Where can the readers find your art? Will you be doing conventions?

    My art can be found on my website at, which I am a bit behind in updating, because coding gives me nightmares, and time to work on it doesn’t exist right now. That is also why my newest pieces, both complete and WIPS, may be seen at There are also a few pieces up in galleries at and, but my time has been so constrained, I haven’t been able to really participate in those sites nearly as much as I would like.

    Yes, I will be doing conventions this year. I will be sharing Artist Alley table space at Anime Expo in Los Angeles and I have a space in the Dealers’ Room at LosCon. Other than that I hope to have work in the ComicCon in San Diego, again this year. Westercon, in Pasadena is still up in the air as it is scheduled the same days as Anime Expo, but I apparently need to be there, as well.

    Angela Sasser
    I know Kate from our ongoing interactions within the DeviantART community (and now also through other online means). Not only is Kate a talented artist, but also one of those special people who always encourages others to succeed. That combination of community spirit, creativity, and kind words makes each interaction with her a gift to read.

    Christine Griffin
    She's far wiser than I could ever hope to be; her eye for design leaves me in the dust. I can always count on Kate to have valuable information and opinion on just about any subject under the sun. I respect her, and am more than lucky to name her among my dearest on-line friends!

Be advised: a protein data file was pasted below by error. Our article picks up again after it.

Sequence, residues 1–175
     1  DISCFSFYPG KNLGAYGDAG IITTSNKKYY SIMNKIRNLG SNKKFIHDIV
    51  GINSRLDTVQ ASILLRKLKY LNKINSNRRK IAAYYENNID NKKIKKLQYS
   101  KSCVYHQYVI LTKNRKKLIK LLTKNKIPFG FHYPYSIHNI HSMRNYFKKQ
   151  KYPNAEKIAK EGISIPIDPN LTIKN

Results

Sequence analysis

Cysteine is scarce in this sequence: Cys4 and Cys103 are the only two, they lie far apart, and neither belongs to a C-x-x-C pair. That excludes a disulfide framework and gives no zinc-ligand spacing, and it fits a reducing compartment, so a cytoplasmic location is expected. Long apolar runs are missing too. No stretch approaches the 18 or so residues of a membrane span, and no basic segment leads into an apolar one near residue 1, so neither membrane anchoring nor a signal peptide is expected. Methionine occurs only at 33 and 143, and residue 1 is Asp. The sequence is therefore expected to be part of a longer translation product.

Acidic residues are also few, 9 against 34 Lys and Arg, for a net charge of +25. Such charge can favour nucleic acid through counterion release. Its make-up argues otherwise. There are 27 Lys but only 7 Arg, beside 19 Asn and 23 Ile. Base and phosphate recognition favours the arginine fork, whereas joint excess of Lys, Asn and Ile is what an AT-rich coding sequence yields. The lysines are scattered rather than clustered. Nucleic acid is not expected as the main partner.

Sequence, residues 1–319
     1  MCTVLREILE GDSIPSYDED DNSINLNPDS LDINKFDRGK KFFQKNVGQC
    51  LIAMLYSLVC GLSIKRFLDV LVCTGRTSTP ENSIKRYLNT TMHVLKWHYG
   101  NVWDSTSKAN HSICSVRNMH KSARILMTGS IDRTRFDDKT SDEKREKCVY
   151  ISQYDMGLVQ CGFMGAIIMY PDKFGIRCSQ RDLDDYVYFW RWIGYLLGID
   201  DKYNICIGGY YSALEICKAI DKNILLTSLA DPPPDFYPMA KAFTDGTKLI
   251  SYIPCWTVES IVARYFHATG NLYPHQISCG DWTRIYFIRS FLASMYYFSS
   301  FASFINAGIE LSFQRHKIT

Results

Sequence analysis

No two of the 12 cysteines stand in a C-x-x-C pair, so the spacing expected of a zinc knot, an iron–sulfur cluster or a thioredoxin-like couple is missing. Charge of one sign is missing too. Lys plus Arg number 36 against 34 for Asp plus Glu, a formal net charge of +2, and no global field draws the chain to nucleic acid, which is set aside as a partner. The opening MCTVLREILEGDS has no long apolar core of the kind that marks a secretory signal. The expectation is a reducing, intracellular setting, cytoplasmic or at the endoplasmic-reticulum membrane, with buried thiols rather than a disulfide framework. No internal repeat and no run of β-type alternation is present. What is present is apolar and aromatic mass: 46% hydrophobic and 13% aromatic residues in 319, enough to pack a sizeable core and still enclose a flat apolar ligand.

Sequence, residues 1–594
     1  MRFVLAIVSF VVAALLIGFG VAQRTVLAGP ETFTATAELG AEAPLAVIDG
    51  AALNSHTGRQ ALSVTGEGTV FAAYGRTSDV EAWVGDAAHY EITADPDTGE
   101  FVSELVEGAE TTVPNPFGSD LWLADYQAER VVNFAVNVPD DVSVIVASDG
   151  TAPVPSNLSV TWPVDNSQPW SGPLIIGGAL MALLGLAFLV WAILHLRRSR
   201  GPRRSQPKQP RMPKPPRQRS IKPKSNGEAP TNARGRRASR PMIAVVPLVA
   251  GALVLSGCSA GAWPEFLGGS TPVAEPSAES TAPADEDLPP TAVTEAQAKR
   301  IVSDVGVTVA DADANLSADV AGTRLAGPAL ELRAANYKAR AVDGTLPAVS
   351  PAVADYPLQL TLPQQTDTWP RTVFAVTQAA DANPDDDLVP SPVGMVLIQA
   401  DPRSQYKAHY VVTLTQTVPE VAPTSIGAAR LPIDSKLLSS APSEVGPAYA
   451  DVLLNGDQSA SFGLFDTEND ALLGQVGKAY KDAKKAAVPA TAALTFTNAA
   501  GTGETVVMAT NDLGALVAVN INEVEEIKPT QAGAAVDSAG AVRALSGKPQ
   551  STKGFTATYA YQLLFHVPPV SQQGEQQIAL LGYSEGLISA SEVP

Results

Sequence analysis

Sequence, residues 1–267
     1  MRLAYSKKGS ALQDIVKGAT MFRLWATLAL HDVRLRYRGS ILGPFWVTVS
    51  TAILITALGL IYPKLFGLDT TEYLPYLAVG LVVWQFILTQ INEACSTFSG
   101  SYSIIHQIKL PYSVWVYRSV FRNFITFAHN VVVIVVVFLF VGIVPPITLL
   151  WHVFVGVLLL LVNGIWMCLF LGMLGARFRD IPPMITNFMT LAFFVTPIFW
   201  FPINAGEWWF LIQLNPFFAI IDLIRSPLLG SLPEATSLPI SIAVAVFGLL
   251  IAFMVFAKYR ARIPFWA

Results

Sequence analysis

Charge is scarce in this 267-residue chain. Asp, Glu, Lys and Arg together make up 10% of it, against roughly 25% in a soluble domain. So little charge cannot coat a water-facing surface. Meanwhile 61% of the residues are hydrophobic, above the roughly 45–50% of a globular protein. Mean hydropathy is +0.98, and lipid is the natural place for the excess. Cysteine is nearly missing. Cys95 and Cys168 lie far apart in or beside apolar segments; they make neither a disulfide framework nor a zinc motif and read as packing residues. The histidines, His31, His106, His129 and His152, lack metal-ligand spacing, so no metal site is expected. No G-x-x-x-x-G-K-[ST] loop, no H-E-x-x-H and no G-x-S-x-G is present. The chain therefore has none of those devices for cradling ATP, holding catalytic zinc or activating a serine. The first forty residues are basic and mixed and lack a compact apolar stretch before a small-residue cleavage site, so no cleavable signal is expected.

Linda Smith
    From what I know of Kate online. I think she is a wonderfully talented artist. Her talents lie in the use of many different mediums. My favorite pieces of hers is the Lion she did in acrylic. She is very sweet and always takes time to comment on other peoples work.

    Diego Faustro
    I think she's a great artist who knows how to mix nature with fantasy and really make it work. Every animal in this world has a "human" factor that she expresses very well within her pictures.

    Karyn Lewis
    When I think of Kate's art, I think of elegance. Like the stained glass designs she sometimes creates, there's something clear and precise and pure about her art. Her work gives off a feeling of serenity; and so does she, always with a supportive or calming word to her online friends.

    Constanza Ehrenhaus

    Fantasy coloring books from Ellen Million Graphics Get a pre-made portrait, ready to go! A 48 hour creative jam for artists An e-zine for fantasy artists and writers A shared world adventure